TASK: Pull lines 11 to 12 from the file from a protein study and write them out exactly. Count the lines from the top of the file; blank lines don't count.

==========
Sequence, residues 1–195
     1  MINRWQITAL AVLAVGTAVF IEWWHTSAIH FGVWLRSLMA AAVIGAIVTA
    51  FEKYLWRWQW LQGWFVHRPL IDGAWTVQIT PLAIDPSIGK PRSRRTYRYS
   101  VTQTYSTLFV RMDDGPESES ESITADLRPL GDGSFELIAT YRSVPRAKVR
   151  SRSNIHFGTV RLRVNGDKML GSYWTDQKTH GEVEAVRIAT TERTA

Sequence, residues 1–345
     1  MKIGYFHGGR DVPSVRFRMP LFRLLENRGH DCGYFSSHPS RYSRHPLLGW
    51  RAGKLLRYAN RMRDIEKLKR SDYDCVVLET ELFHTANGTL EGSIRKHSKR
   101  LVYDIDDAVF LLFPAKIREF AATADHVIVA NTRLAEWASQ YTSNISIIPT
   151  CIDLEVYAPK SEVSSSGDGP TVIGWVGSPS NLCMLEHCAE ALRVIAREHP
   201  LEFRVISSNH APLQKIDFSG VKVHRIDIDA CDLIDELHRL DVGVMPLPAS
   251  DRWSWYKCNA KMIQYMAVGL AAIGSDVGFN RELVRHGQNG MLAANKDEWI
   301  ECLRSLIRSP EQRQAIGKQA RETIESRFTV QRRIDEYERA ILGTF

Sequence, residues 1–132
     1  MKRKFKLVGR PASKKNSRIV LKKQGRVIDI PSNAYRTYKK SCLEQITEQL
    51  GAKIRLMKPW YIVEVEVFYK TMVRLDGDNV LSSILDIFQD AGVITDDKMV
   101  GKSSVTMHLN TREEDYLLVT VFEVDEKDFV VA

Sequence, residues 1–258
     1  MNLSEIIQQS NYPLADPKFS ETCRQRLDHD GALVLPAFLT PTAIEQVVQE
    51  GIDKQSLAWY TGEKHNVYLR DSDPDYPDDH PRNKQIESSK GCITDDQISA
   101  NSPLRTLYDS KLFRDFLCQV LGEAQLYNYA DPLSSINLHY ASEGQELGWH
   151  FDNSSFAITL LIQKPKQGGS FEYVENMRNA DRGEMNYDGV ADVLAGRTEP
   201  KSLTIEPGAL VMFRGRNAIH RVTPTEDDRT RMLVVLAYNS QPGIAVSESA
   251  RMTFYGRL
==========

   201  LEFRVISSNH APLQKIDFSG VKVHRIDIDA CDLIDELHRL DVGVMPLPAS
   251  DRWSWYKCNA KMIQYMAVGL AAIGSDVGFN RELVRHGQNG MLAANKDEWI